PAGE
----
SOAP client

Graham Dumpleton grahamd at
Mon Jun 30 02:03:21 CEST 2003

Nick Vargish <nav at> wrote in message news:<yyybrwj8lpq.fsf at>...
> Glauco <glauco at> writes:
> > I'm going crazy because function are not documented .
> > Exist another solution for di a SOAP CLient ??
> There's ZSI, which has been called "more mature" by some people, but I
> can't see much of a difference in approachability. Neither seems to be
> very well documented. What I could really use are some more
> examples...
> Here's one of the Perl scripts I'm trying to translate:
>   use SOAP::Lite;
>   print SOAP::Lite
>     -> uri('urn:Temperatures')
>     -> proxy('')
>     -> f2c($ARGV[0])
>     -> result;
> It's just one call. What's the Pythonic equivalent, using either
> or the ZSI package?
> Obviously, I need a better understanding of how SOAP is supposed to
> work, but even that basic documentation is surprisingly hard to find
> on the Web.

One of the issues with ZSI is it is more setup for use in calling
servers where
methods use named parameters. The above example, which actually
uncontactable, uses positional parameters and not named parameters. To
this end, the simplest mechanism provided by ZSI to make calls, isn't
to work properly for various reasons.

If you are indeed only interested in servers where methods have
parameters, you might have a look at the "zsirpc" module for Python.
module is a simple wrapper around ZSI providing a kindler interface in
style of the "xmlrpclib" module specifically for calling servers with
using positional parameters only.

If you want to try this out without having to download the package, go
the address:

This is a web based front end around the SOAP client code which the
module provides. It will allow you to make calls against services
over the Internet to gauge whether the ZSI package is going to work
for you
in the manner that the "zsirpc" interface uses it.

The equivalent Python code using the "zsirpc" module to make the same
call as you list is:

  import zsirpc

  url = ''
  uri = 'urn:Temperatures'
  action = ''    

  #service = zsirpc.RemoteService(url,ns=uri,soapaction=action)
  service = zsirpc.RemoteService(url,ns=uri)

  print service.f2c(32.5)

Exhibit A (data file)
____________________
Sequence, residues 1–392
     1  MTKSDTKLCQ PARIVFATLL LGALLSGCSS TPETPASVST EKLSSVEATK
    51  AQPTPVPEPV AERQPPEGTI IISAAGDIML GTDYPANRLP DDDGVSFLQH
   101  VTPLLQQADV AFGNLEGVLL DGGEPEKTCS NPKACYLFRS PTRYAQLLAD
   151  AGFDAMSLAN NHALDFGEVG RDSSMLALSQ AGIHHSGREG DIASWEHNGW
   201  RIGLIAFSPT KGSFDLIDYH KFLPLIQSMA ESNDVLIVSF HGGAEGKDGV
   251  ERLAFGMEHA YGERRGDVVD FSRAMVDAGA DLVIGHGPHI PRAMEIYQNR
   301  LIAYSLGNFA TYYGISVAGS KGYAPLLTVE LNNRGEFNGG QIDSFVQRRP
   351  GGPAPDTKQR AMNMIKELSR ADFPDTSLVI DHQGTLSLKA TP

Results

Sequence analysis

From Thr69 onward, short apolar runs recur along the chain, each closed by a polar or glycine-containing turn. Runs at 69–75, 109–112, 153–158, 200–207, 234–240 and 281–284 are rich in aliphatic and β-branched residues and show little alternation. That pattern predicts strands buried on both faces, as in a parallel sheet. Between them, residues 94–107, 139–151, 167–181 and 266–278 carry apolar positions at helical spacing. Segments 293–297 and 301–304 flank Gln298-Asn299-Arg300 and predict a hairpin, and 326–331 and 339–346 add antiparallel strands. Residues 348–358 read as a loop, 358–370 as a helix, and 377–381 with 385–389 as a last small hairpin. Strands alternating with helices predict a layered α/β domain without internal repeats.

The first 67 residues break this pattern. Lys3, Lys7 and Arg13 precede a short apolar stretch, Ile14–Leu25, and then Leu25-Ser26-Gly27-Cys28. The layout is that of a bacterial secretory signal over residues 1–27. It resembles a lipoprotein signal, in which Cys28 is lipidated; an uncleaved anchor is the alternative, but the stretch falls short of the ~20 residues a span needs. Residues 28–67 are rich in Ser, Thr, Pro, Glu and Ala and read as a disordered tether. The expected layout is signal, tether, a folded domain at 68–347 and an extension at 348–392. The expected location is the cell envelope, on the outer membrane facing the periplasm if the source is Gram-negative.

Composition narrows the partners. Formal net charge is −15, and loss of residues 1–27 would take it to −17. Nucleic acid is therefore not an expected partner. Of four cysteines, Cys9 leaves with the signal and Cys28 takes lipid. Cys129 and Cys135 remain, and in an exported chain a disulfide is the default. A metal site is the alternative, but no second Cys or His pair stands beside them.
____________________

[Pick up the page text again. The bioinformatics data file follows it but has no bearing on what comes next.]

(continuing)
Unfortunately I can't verify that this works since the call times out
against that

As the interface provided by "zsirpc" is simpler in that it is a much
restrictive interface doing one specific thing, the documentation
needed to
cover it isn't much. For that go to:

and then go into the chapter title "Remote Access" and look for the
on the "SOAP Gateway" to see how the client is configurable. Frankly
though, the "ns"
and "soapaction" attributes above are about as far as it goes. Do note
that "zsirpc" is a subset of what is described in all that
documentation and is provided
as a separate package as a convenience. Where the documentation says
read it is meaning "zsirpc" and if something refers to just "netrpc",
again in code using
just "zsirpc", use "zsirpc" instead of "netrpc".

The only other bit of extensibility built in is that it has the
ability to automatically manage
types for Boolean, Binary (as BASE64), Date, DateTime, Time and
Duration. Information
about these types is described in the "Message Encoding" chapter of
the documentation.
You should ignore the bits about adding in new types as that only
applies to the framework
that "zsirpc" has been extracted from. If you did want to add news
types with "zsirpc"
you would need to drop down and use the ZSI packages way of defining
typecodes. You
might have to override an encoding method in the "zsirpc" package as
well, but can't
remember right now.

One warning, and I believe this still also applies to ZSI as well.
That is, that ZSI seems
to only interpret its own type of error response as returned by
servers. Thus, it will
work fine against a ZSI server, but use it against another server
which uses its own
means of encoding the detail associated with an error response, and
you might not
be able to do too much with it. The "zsripc" package understands the
ZSI error response
and one other which is particular to the framework it has been
extracted from,  so it
doesn't do too much more to help you in that respect.

As to where you can get "zsirpc" from, go to the downloads section of:

You might also be interested in getting down the "netrpc" package.
This contains both
a SOAP client and XML-RPC client where the interface is basically the
same with type
objects interchangeable between both. Use "netrpc" instead of "zsirpc"
and you will not
need to translate names when applying what the documentation says.

More information about the Python-list mailing list